I’ve wanted to try Secret Vietnamese Cafe ever since I watched Jeff’s Channel on Youtube. Now that I work in the Beltline, I have the perfect opportunity to further my goal of eating at 19 different banh mi shops. Eleven down and eight more to go! Let’s listen to “Nothing’s Going To Stop Us Now” by Starship.
Secret Cafe has a cozy coffee house vibe, unlike the more utilitarian banh mi shops in Calgary. I noticed several extensive menus posted on the walls when I walked in, showcasing pictures of sandwiches, pho, noodles, curries, appetizers, and Vietnamese subs. When I told the female owner I wanted a banh mi, she recommended the Special Combo Sub ($8.99). She asked me if I wanted my sub spicy. I responded in the affirmative. Pro tip – unless you can handle the heat, don’t ask for spice. My tongue was on fire for hours.
The cafe was busy with regulars who knew the owners. Two customers ordered the lemongrass pork vermicelli when I was there, and another person ordered pho. Several people came in to pick up their order.
I asked for no cilantro but still got it anyway. No biggie, as it was easy to remove. I enjoyed the crushed peanuts and the rich flavour of coconut milk in the beef. I also liked how the whole sub was warm – from the toasted bread, melted cheddar cheese to the hot, tender pieces of pork, chicken and beef. The thick slices of carrots tasted lightly pickled. The cucumber and onions were thinner in width.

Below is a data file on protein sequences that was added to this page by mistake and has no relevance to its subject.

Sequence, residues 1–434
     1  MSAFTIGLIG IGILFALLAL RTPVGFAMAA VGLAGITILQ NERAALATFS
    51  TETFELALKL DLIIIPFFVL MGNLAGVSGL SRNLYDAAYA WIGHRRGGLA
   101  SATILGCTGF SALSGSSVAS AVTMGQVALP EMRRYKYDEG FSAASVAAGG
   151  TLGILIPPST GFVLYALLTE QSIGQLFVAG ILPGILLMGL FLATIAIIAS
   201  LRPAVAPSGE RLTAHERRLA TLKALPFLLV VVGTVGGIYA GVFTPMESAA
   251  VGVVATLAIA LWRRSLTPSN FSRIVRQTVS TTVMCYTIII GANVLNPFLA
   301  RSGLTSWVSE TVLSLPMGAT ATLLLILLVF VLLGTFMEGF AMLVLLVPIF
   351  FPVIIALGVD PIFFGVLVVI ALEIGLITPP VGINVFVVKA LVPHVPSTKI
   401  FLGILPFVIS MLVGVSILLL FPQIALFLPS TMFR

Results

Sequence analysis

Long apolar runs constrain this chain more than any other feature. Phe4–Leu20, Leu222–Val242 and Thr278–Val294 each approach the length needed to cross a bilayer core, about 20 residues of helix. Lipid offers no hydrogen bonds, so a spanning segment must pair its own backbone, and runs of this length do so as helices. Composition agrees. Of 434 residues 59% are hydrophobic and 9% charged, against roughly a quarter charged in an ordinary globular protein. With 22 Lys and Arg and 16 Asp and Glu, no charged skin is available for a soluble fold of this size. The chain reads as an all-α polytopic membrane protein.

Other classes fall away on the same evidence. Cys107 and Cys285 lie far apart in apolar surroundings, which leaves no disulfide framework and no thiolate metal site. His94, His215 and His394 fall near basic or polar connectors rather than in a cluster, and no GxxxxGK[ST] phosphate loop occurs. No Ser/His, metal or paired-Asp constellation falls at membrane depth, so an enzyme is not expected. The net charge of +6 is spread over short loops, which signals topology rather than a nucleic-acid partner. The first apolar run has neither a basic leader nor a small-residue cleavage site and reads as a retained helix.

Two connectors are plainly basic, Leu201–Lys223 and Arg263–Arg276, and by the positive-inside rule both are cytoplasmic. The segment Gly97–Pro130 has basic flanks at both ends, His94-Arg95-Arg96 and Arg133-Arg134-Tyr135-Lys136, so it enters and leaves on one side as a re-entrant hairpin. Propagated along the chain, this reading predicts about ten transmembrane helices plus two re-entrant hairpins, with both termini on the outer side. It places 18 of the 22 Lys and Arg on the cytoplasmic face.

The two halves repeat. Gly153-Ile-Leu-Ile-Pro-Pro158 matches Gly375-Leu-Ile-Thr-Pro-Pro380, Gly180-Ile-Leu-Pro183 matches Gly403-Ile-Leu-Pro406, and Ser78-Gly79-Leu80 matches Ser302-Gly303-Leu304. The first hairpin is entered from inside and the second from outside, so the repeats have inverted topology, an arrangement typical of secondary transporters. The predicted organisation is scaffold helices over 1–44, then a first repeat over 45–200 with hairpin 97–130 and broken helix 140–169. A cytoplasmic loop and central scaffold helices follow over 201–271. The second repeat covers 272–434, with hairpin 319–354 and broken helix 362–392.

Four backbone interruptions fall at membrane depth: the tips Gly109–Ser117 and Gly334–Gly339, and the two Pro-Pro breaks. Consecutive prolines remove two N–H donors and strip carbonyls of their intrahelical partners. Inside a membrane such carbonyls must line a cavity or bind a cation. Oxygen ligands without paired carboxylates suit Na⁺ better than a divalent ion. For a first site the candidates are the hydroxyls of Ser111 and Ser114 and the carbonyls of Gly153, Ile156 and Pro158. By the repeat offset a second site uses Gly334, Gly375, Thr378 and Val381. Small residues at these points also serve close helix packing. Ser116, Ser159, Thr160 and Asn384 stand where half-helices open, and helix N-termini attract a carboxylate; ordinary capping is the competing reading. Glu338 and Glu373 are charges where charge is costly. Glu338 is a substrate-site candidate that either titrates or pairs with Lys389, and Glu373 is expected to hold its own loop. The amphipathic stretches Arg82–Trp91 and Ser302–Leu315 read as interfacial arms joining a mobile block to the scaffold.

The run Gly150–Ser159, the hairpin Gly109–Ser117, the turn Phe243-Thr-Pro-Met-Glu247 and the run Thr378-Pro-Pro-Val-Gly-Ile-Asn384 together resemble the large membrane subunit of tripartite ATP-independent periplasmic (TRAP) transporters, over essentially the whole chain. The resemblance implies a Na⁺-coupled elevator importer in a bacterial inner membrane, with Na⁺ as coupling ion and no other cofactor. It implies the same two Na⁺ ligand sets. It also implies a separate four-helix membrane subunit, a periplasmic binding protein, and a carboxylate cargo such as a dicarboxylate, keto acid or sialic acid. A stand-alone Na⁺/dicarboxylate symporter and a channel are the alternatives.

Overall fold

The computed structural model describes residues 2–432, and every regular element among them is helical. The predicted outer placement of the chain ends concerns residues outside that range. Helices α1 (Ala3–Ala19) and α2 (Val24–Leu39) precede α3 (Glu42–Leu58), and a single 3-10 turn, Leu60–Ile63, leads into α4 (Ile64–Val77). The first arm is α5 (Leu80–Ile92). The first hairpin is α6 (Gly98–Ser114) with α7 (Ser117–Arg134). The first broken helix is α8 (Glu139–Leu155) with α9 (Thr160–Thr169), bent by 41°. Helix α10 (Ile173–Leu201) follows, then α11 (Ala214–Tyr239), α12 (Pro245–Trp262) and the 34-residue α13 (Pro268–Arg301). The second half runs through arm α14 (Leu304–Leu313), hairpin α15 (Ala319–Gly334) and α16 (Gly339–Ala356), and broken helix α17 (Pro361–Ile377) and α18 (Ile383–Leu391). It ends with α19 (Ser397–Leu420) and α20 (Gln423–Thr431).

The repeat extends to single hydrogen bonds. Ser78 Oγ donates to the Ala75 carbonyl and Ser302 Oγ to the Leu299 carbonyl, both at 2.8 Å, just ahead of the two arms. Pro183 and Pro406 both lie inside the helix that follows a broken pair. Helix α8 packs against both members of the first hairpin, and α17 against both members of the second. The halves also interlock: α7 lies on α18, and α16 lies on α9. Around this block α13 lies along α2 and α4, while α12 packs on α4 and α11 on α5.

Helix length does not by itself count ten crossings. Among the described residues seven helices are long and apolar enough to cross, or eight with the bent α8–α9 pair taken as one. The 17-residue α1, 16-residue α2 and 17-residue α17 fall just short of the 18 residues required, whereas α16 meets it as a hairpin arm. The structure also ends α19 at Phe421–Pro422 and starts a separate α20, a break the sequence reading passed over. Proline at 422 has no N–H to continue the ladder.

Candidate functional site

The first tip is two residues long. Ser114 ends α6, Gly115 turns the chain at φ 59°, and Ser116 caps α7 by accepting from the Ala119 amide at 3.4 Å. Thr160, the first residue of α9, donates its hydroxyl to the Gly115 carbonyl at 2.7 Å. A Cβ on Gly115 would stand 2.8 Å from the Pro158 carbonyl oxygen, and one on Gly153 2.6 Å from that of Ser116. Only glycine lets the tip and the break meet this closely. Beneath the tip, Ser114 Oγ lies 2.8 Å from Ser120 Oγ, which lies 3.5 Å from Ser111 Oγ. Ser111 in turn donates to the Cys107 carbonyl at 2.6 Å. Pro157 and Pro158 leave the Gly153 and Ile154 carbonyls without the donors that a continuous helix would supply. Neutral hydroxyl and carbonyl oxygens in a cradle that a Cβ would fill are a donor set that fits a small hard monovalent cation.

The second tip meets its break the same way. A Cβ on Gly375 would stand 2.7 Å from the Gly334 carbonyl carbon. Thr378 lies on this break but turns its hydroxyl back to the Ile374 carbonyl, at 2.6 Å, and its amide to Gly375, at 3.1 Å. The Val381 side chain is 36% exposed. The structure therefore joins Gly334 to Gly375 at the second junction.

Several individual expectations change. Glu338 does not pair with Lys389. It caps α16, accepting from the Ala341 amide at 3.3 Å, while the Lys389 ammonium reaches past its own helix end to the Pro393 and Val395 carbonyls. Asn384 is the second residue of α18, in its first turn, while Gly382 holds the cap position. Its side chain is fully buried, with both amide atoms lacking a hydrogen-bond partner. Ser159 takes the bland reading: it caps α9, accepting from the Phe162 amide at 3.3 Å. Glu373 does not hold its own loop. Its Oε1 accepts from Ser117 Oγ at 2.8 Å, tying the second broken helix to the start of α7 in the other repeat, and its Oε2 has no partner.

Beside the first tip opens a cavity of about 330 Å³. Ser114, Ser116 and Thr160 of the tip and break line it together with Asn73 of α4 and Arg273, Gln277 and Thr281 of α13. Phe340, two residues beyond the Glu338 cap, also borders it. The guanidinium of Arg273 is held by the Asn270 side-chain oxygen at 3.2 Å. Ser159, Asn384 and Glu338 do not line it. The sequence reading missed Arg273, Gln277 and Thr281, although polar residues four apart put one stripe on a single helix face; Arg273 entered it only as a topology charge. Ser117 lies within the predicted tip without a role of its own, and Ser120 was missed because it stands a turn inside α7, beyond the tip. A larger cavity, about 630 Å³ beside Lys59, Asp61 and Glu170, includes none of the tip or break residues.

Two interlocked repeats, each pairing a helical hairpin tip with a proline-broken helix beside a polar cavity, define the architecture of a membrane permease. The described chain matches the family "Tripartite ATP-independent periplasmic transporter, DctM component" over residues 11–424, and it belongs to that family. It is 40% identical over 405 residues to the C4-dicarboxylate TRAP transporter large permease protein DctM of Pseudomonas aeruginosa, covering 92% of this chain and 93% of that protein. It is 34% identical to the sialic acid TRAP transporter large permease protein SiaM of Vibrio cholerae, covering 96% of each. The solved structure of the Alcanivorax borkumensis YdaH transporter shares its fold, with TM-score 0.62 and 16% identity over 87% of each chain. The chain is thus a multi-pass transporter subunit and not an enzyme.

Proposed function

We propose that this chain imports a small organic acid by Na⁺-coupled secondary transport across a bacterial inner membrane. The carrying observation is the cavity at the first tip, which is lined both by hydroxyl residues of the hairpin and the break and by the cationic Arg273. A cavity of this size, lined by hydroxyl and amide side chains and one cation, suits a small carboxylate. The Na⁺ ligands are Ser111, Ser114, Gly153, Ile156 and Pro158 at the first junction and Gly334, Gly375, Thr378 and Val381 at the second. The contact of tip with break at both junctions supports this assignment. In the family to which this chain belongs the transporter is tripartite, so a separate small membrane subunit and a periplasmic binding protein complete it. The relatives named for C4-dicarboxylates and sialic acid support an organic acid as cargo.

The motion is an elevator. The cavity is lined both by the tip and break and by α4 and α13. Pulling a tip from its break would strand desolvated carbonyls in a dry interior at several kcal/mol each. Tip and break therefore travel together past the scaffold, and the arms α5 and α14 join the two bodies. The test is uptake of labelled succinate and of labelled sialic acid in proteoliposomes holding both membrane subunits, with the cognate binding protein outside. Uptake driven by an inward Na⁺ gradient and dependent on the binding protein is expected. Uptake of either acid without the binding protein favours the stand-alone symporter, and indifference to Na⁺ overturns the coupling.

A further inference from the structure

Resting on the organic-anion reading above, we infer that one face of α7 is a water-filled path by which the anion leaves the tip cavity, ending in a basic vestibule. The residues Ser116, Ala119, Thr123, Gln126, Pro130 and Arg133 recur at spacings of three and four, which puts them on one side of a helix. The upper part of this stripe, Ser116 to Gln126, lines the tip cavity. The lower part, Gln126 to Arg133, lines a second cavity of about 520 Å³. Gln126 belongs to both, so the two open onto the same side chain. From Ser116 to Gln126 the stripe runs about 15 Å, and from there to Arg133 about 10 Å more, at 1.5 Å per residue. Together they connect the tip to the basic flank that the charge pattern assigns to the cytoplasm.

How does Secret Vietnamese Cafe compare to the other banh mi heavy hitters in Calgary? The vegetables come in coarser chunks. I prefer the delicate crunchy layers that Thi Thi has mastered with cucumber ribbons, razor-thin onions and julienned carrots. I like the freshness of Secret Cafe’s meats, which I found better quality than To Me Subs. I prefer the lightness and crumb of Banh Mi Nhu Y and Trung Nguyen subs over the heavier bread at Secret Cafe. Price-wise, I thought Secret Vietnamese Cafe offered better value than Kim Anh Sub but had less of a flavour bomb.
I noticed the owners like to banter with each other while they work. If you know of or have grandparents who emigrated from China, you’ll know what I mean. I don’t get homesick anymore, but if I needed a dose of old-school love, I’d come here to soak up the memories.